DR. LOW DOG:  Right.  I think it is an excellent point.  We are going to work on the language.  We have discussed this on when it is known, when it is clearly established.  Certainly, we do know for some things, where it has been clearly established and there is consensus, but we want to work on this a little bit and bring it back to the group.


          DR. FINS:  This gets us back to what we do with DSHEA.  I think we have all sort of agreed that that is a huge thing and it is probably not something we can really modify at this point, but I do think, my understanding, in a sense, DSHEA was written, not to make claims that were too grandiose, but it really didn't address the toxicity or the risk side.

          I think the way to carve it out, and we are providing more information about interactions, about toxicities, about vulnerable populations, all of that is protective and, if anything, it doesn't enhance the desirability of people wanting to take these entities, it is not an inflated kind of claim.

          So, I think that in the spirit of the public health, given all the testimony that we have heard and the interactions that we have been aware of, I think we are really operating under the spirit of DSHEA, but we are providing absolutely necessary information that would allow people to maximize their utilization of these products in a safe and efficacious manner.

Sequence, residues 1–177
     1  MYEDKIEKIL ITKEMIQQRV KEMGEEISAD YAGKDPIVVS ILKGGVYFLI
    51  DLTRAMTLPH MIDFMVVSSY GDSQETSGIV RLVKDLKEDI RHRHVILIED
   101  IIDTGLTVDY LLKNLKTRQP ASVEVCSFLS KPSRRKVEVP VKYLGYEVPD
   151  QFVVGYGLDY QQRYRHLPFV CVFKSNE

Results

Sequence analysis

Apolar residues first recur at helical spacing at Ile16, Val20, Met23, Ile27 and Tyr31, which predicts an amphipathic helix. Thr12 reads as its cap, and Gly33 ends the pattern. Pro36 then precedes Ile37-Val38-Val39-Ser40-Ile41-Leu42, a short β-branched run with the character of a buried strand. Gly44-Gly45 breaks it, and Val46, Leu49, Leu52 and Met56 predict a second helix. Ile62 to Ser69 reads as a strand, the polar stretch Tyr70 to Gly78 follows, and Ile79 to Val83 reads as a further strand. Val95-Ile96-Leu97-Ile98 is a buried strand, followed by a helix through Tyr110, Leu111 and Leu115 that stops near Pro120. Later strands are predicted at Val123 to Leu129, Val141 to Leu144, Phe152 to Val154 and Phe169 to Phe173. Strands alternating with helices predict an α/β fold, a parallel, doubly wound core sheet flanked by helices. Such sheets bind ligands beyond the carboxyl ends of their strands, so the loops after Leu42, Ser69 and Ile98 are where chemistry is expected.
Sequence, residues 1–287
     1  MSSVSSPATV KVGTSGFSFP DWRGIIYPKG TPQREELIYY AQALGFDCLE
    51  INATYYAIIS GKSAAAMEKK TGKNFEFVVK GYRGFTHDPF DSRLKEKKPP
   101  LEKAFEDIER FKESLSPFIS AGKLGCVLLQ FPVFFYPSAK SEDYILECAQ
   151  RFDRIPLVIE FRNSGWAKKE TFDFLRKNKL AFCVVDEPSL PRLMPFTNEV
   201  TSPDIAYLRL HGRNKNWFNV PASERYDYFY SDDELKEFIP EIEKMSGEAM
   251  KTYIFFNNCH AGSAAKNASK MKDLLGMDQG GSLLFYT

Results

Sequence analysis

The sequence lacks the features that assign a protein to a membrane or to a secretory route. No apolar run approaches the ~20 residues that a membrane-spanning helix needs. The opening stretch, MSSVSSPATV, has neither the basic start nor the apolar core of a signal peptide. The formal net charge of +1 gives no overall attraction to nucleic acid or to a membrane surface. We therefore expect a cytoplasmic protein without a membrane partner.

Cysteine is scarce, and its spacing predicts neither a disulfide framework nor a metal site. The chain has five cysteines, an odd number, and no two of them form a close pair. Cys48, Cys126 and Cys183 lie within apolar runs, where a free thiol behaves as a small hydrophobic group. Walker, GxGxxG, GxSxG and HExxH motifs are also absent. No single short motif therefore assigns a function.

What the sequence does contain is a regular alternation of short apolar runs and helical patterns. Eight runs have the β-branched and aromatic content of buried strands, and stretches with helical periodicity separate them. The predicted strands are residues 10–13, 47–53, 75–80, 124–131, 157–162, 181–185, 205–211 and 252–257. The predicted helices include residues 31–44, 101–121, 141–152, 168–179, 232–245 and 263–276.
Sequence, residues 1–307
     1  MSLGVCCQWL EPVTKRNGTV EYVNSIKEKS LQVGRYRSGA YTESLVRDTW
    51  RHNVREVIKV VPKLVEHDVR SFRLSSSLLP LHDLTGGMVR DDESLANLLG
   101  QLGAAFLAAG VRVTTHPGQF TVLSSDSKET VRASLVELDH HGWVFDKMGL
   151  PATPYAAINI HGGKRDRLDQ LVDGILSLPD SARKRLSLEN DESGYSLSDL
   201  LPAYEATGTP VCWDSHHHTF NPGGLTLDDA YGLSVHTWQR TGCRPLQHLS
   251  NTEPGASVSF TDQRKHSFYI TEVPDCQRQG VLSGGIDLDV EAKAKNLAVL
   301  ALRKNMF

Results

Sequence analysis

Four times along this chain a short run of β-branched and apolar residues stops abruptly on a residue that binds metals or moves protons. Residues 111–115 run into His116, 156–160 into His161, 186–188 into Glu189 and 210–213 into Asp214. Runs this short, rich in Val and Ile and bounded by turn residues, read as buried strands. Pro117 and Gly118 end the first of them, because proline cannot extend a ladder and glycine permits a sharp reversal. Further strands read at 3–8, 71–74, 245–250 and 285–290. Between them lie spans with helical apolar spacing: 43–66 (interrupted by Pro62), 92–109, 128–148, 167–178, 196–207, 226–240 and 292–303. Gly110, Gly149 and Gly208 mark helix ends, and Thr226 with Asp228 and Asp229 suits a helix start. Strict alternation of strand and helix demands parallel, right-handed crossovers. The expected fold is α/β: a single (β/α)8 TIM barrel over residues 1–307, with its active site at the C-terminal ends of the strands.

I think we have to, as you were beginning to suggest, it is about the toxicity, it is the down side that we are providing more information on, and not necessarily the up side.  I don't think that is inconsistent with what was the legislative intent.

          I think the other thing I would couple in here is that we should track this information, the FDA should track this information, and there could be a possibility of revisiting this legislation in a more formal way down the road, that there should be a report to the Secretary in five years based on if our recommendations are implemented, because I think that this remains an open kind of question.  It is not a question we want to open right now, but there should be some future revisiting of these concerns.

          DR. LOW DOG:  Dean.

          DR. ORNISH:  Just to emphasize again, I think it is really important to add issues like this.  I know it is going to be, as more research is done, more side effects will be known.  There is an article coming out next month in The New England Journal showing that antioxidants interfere with statin drugs, for example.  So, I think addressing this issue now will be important now and even more important later.

          DR. LOW DOG:  Thank you, Dean.  Thank you for all those comments.  We are going to work on that a little bit, and we will bring it back.

          DR. GORDON:  I have one more, which I believe is a new issue, which we raised several times in the course of the hearings, which is should there be some kind of education for health food store employees.

          DR. LOW DOG:  Put that for Saturday.

          DR. GORDON:  Thank you.  That is what I wanted to do.  I just wanted to raise it now, though.

          DR. LOW DOG:  Yes.  Put that on our agenda.